However, District 51 requires more than just (hopefully) increased funding; it also needs a school board capable of overseeing the proper use of those funds for students’ benefit.

Thus, John Williams offers collaborative problem-solving experience that has earned the endorsement of both the Sentinel and the admiration of “conservative” Janet Rowland—who publicly recognizes Williams’ proven capacity for bipartisanship (“Williams has worked hard in a nonpartisan manner”).

Tom Parrish has decades of practical experience—both as a classroom teacher and as an administrator, mostly within School District 51.  As the Sentinel’s endorsement confirms, he brings precisely the kind of student-oriented practical expertise that any School Board would envy and which voters should embrace.

Greg Mikolai offers innovative ideas for upgrading the quality of education delivered to students within and outside the classroom, and the invaluable continuity of his already proven leadership and hard-earned experience – which voters should not readily discard.

Vote “NO” on Amendment 66

All the money being spent on pro Amendment 66 seems to be coming from unions.  And there is ton of it judging by the endless TV ads.

The real purpose is to repeal restraints on tax increases and would lead to even higher taxes. For earners making more that $75,000 has their state income tax raised to 5.9%.  This is a 26.6% increase.  With all the homes in fore closure in Mesa County do we really need a heavy handed tax increase.

The 66 ads implies that all the taxes collected will go the more teaches in the class room and not the administration.  This is pure hogwash.  The amendment states that at least 43% of state sales, excise, and income tax revenue must be spent on education.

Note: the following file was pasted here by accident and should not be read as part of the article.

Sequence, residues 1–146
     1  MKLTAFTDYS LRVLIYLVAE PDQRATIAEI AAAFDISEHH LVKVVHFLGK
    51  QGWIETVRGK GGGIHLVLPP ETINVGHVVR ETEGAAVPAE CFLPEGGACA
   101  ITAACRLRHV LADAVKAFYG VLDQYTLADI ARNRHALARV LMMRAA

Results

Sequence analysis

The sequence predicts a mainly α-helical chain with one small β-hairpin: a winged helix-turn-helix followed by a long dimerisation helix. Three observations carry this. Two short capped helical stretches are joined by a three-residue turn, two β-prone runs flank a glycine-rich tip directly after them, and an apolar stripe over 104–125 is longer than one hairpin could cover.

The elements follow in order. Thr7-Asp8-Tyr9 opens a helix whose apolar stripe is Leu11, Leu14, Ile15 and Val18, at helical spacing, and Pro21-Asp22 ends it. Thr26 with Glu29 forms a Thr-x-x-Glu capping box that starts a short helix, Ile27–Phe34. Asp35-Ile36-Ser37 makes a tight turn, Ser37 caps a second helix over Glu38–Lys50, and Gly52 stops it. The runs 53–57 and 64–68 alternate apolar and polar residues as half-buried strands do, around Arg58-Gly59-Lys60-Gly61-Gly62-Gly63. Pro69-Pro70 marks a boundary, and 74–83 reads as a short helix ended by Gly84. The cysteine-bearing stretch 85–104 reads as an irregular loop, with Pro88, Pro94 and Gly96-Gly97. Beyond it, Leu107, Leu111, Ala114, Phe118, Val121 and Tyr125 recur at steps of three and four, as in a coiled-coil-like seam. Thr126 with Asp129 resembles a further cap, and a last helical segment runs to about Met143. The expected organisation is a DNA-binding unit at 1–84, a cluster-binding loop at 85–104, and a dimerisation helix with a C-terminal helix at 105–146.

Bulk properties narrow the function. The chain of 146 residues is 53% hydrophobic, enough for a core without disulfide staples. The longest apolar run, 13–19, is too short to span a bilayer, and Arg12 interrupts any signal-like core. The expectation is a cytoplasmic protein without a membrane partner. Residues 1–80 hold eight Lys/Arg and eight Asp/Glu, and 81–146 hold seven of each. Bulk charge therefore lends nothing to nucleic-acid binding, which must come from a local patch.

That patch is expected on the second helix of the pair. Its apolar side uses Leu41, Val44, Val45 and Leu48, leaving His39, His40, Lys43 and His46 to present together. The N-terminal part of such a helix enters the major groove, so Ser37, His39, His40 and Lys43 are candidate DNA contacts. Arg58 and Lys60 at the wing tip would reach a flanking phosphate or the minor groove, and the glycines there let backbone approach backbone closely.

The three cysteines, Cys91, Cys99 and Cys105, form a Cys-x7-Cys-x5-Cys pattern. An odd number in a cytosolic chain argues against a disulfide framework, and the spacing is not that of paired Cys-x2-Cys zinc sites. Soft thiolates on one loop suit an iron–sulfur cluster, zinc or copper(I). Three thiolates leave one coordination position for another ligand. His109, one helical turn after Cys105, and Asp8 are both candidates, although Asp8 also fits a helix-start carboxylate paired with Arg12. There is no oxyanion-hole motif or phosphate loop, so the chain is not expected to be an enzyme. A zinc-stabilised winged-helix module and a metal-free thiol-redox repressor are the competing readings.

This makes education untouchable in the future and makes is very difficult for our elected officials to set priorities.

This is also a money grab by Denver schools.  The rest of the state are estimated to get on 50 to 60 cents for every $1.00 the Denver schools get.

Recent study by CU Business Schools shows that there is virtually no difference between per pupil spending and changes in test scores and graduation rates.

I’m all for paying our teachers a fair wage, having modern school facilities, and smaller class sizes.  In fact, I have votes for every tax increase our elected official have forwarded.  I lived California and Maryland long enough to see the destructive nature of type of Amendments like 66.  My ballot has been cast!!

By the way, the legalization of pot was suppose to solve all our education funding problems.  Let just wait and let the excise tax money roll in!